Well, I've been around a lot. Sometimes I'm the third lead in something, and maybe I have a few interesting scenes somewhere. And if that was my whole life all the time, I'd kill myself, actually. But since it's one of four or five things I'm doing, it's really fun. I can use it to meet people and hire them for things I'm doing. I get to work with millions of directors. I've had the privilege to watch Steven Spielberg directing, and Sydney Pollack and Robert Altman.

While filming "The Monuments Men" in Germany, you worked on your own projects?

In the middle of it, I went back to Las Vegas to direct four commercials. I'm from the school of, you better do it while it's happening. I can put it off for a year or two, but next year I could be sitting around doing nothing.

You come from a movie industry family. Were you fated to join it?

My uncle Barney took over Paramount from Adolph Zukor in 1936. And my other relative, Sam Katz, went and started a musical unit at MGM in the 1930s. But I didn't know them too well. I was very excited to have relatives in the movie business, although as a child in Chicago I felt a billion miles away from anything exciting and glamorous like that. Almost none of my relatives have anything to do with any of this stuff.

So what drew you to it?

When I was 3 or 4, I started collecting puppets and putting on shows. I was always pretending stuff, which most people do, but in my case it stuck. When I was in high school I studied with Viola Spolin, who literally wrote the textbook on theater games. I studied with Uta Hagen, took voice lessons, took every kind of lesson you could think of. I always thought, “When this doesn't work out, I'll go back to Chicago, and I must try and be a writer, because I'll bet you I could be a writer.” And that never happened. I've essentially been working on and off ever since.

So, why live in Bridgehampton? It's pretty far from the city.

Not far enough, actually! It's very easy -- I hop a jitney, come out here, eat, sleep, go back. I'm very happy out there. It's conducive to writing, and I have a lot of friends out there. I love the seasons there, I love the dead of winter. It's fun to go to a movie theater with only three people.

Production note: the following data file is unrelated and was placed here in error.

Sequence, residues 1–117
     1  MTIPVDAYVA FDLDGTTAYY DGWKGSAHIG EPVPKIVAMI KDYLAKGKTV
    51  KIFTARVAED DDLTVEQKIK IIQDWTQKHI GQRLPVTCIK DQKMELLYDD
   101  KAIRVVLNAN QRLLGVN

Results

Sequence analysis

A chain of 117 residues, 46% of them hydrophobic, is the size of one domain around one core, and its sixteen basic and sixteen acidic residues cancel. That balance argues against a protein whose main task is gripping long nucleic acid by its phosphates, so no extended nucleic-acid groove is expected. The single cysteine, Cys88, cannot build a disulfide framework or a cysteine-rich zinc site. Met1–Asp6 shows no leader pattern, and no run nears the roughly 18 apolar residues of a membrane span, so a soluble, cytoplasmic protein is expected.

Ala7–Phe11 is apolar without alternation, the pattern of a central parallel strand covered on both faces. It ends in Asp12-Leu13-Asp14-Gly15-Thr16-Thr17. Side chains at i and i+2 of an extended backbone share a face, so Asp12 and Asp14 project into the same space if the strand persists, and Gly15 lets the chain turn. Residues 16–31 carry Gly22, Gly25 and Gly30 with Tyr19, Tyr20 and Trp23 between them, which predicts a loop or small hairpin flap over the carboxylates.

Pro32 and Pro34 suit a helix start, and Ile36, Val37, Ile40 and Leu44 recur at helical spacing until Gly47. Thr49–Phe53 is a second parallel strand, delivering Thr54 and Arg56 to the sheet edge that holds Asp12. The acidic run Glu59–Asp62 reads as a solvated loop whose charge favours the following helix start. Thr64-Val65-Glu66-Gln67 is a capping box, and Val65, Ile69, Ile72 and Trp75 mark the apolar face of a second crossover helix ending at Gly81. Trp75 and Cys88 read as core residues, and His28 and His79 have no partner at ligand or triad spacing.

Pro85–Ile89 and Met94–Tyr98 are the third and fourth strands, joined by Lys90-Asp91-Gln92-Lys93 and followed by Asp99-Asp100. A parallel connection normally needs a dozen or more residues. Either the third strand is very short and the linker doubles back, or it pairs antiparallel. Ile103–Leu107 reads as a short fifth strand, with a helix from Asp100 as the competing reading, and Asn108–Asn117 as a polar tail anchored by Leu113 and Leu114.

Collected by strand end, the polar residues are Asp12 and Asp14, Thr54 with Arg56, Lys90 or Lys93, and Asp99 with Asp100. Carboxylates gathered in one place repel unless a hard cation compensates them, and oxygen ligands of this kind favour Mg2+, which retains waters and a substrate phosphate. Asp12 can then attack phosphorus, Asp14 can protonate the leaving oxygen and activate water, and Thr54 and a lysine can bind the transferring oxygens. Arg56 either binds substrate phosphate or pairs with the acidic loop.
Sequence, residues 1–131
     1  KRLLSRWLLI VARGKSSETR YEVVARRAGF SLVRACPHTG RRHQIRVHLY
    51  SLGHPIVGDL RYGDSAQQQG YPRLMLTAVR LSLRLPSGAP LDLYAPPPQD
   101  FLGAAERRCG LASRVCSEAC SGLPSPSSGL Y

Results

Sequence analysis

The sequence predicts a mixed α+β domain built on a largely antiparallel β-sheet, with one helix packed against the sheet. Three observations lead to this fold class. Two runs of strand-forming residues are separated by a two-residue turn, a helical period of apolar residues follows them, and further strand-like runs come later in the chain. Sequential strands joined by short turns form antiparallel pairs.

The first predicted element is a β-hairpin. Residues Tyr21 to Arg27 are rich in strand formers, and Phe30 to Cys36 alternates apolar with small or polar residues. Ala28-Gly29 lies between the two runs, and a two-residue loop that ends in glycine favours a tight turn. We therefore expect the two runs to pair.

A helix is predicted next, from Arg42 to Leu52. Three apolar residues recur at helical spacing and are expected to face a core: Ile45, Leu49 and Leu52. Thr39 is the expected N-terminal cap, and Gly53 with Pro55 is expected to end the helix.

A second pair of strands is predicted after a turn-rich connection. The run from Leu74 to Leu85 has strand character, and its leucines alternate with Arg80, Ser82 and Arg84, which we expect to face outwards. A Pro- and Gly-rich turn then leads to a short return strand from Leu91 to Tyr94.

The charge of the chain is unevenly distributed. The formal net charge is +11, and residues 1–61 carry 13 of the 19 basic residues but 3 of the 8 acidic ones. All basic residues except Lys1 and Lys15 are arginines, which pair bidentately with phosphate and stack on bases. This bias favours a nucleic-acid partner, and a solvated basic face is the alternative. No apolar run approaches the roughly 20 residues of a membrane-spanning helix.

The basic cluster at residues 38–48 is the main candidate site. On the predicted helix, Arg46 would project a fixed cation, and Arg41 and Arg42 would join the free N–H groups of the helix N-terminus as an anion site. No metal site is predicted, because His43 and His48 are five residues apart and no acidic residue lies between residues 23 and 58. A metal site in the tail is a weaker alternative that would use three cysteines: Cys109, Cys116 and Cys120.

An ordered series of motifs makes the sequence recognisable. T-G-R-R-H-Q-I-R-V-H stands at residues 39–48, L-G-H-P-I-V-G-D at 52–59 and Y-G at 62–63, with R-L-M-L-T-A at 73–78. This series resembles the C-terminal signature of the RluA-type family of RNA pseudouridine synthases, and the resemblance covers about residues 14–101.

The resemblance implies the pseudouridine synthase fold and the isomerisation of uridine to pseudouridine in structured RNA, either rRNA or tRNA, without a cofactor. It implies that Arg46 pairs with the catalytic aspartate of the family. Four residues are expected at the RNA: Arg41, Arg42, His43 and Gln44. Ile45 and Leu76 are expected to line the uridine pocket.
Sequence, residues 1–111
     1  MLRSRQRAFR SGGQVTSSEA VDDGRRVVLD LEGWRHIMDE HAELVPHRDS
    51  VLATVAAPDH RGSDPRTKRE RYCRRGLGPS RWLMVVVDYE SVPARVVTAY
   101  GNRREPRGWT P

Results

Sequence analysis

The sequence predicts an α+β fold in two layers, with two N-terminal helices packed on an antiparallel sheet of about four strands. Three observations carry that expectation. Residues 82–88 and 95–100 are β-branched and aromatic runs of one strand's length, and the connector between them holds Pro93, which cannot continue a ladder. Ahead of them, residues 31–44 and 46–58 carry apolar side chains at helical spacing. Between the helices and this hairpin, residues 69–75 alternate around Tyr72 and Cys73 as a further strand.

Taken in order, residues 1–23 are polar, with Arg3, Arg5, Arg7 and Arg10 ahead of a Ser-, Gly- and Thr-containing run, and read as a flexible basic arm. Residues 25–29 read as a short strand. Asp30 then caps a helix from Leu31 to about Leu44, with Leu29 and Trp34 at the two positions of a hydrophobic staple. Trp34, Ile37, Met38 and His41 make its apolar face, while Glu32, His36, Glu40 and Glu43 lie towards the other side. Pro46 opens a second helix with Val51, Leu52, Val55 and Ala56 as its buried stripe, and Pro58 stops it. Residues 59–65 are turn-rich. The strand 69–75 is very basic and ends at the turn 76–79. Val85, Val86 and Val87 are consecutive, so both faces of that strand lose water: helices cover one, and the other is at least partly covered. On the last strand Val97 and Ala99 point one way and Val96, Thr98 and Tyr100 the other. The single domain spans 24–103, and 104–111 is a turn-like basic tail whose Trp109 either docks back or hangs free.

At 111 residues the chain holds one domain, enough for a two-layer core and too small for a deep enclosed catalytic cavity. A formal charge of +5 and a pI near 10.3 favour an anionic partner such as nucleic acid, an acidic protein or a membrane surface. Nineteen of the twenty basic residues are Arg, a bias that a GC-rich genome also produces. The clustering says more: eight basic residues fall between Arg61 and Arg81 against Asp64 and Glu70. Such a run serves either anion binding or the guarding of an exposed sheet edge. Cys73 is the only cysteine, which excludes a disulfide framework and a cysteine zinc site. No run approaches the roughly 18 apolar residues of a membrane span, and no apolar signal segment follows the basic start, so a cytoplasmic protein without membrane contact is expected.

Bob Balaban's resumé is too long for this short space, but here are a few of his best-known roles and stealth appearances:

"Catch-22." In Mike Nichols' 1970 adaptation of Joseph Heller's anti-war classic, Balaban has a small role as bomber pilot Orr. You can see him in a crucial scene that explains the twisted logic of the movie's title.

"Altered States." Ken Russell's 1980 freakout about a rogue professor (William Hurt) whose drug research goes haywire features a bearded Balaban as the sensible colleague. "Listen, it's your life. I'm sorry I even asked," he tells Hurt.

"Seinfeld." During the NBC show's fourth season, Balaban played Russell Dalrymple, a thinly veiled version of network executive Warren Littlefield, who becomes obsessed with Elaine (Julia Louis-Dreyfus). Balaban later played the real Littlefield in the HBO movie "The Late Shift."

"Waiting for Guffman." Balaban's love of improv -- he studied with theater legend Viola Spolin -- made him a natural for various roles in Christopher Guest's ad-libbed mockumentaries. In "Guffman" (1996), Balaban played Lloyd Miller, a button-down musical director surrounded by hopeless amateurs.

"Girls." Last year, Balaban showed up on Lena Dunham's HBO series as a therapist who also wrote a bestselling series of children's books about a bionic dog. That part is true: Balaban's six "McGrowl" books sold about 2 million copies.